A form of hepatobiliary fibropolycystic disease
characterized by an overgrowth of biliary epithelium and supportive
connective tissue. Multiple cysts are present in the liver parenchyma. The
condition is usually associated with polycystic kidney disease and
congenital biliary duct disease.
Of patients referred for ultrasonographic examination of
the abdomen, 2 to 5% have hepatic cysts, of which fewer than one-third
are multiple with one to three cysts. Hepatic cysts are exceptionally rare
in children; frequency increases from 0% in first two decades of life to
7% in the eighth decade of life.
Autosomal dominant. Polycystic liver disease
occurs either alone or in association with autosomal dominant polycystic
Alterations in the development and differentiation
of bile ducts and intralobular bile ductules with development of biliary
microhamartomas and cysts. Cystic dilatation of peribiliary glands around
the large intrahepatic bile ducts may also give rise to the cysts.
Magnetic resonance imaging may be the most sensitive
method to differentiate a complicated cyst from an uncomplicated one.
Despite the great differences in the number and
size of the cysts, the volume of the noncystic liver parenchyma remains
normal; therefore, most patients with polycystic liver disease are
asymptomatic and have normal liver function tests. Symptoms may be caused by
complicated hepatic cysts, by the mass effect of one or several cysts, or by
a massively enlarged liver. Hemorrhage or rupture of the hepatic cysts are
rare complications that present as an acute abdomen. Infection of hepatic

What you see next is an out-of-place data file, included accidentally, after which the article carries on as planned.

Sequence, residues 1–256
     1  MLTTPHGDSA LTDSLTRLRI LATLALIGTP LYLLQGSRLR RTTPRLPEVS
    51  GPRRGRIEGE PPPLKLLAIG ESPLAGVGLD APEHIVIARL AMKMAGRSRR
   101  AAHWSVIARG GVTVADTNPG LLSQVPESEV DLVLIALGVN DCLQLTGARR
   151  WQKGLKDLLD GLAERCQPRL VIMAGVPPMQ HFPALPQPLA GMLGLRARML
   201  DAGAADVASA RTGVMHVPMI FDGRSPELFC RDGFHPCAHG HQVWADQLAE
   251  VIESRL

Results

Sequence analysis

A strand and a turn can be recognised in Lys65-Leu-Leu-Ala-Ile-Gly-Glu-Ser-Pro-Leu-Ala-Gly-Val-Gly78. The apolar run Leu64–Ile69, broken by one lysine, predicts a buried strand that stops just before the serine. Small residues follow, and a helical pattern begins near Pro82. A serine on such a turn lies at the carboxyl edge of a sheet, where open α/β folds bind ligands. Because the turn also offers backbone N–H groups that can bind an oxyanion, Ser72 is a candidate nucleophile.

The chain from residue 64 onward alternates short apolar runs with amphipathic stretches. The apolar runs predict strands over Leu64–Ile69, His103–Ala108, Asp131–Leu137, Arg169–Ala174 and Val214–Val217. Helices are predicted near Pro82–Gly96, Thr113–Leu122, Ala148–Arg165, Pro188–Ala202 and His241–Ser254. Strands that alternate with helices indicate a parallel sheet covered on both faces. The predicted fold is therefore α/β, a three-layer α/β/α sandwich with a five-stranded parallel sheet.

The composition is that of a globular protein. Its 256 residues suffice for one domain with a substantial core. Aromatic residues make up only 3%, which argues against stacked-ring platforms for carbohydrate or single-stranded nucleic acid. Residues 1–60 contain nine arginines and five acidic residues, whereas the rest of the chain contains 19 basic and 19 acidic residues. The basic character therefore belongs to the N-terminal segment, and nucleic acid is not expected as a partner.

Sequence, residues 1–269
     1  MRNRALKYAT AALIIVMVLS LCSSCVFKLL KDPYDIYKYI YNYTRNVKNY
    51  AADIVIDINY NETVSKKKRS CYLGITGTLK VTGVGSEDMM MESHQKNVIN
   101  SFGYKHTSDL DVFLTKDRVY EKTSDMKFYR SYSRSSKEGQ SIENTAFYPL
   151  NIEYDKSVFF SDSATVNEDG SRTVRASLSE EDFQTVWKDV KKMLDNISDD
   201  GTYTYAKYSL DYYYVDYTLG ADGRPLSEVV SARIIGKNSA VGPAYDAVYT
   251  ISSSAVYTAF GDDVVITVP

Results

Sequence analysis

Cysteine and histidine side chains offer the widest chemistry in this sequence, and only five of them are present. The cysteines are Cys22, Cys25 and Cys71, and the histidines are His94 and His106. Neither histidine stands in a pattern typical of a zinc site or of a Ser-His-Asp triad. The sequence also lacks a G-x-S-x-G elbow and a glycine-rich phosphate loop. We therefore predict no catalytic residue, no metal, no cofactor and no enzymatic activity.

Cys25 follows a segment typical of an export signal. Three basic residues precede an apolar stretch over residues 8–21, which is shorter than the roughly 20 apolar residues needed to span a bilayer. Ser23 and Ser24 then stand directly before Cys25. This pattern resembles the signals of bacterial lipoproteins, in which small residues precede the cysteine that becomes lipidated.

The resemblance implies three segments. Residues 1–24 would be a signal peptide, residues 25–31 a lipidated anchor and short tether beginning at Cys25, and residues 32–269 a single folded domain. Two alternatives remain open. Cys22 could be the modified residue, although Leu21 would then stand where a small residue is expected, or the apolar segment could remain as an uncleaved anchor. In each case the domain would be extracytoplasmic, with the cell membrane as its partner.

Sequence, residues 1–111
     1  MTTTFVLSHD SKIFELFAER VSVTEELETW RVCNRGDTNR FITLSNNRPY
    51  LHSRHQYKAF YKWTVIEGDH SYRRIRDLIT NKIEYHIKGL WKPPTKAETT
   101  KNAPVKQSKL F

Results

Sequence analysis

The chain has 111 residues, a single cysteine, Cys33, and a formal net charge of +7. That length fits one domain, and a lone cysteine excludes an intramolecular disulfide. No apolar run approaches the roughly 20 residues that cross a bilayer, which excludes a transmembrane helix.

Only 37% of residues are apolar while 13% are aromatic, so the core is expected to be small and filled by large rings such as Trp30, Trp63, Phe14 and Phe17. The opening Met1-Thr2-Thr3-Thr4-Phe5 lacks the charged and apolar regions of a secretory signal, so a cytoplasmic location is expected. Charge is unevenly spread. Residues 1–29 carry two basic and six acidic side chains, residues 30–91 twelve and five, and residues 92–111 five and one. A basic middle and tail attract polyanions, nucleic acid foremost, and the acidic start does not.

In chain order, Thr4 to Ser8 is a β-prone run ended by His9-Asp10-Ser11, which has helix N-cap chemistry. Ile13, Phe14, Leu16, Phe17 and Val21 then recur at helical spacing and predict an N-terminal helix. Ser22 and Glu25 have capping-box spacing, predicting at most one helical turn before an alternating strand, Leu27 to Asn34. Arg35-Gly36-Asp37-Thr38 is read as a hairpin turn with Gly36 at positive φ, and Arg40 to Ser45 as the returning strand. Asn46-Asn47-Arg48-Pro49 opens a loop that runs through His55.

cyst may be indistinguishable from acute cholecystitis. Percutaneous
drainage of the infected cyst is usually effective and safe and surgical
drainage is reserved for patients with relapses. Mass effects of large cysts
include symptoms related to the increased intraabdominal pressure,
obstruction of the hepatic veins, inferior vena cava, and obstruction of the
bile ducts. When indicated, surgical treatment for polycystic liver disease
is directed at reducing the volume of the cystic tissue. Cystic aspiration
followed by instillation of a sclerosing agent may be performed for
symptomatic cysts that are strategically located. Superficial cysts may be
treated by laparoscopic fenestration. Combined hepatic resection and
fenestration have met with limited success. In those patients incapacitated
by severe hepatomegaly secondary to massive cystic replacement without areas
of parenchymal sparing, liver transplantation is a therapeutic option.
Concomitant renal evaluation is mandatory to
exclude polycystic kidney disease. Complex hemostatic abnormalities may be present.
H2 antagonists can be given to reduce the risk of gastrointestinal bleeding and to
reduce the risk of aspiration of gastric contents from the delay of gastric motility and
hyperacidity. Investigations: Complete cell blood count, coagulation studies, ECG,
chest radiograph, electrolytes, urea, and creatinine levels. Check for the presence of
portal hypertension and ascites.
Passage of nasogastric tubes should be
done with care in patients with esophageal varices. If coagulation function
is compromised, particular care should be paid to insertion of ...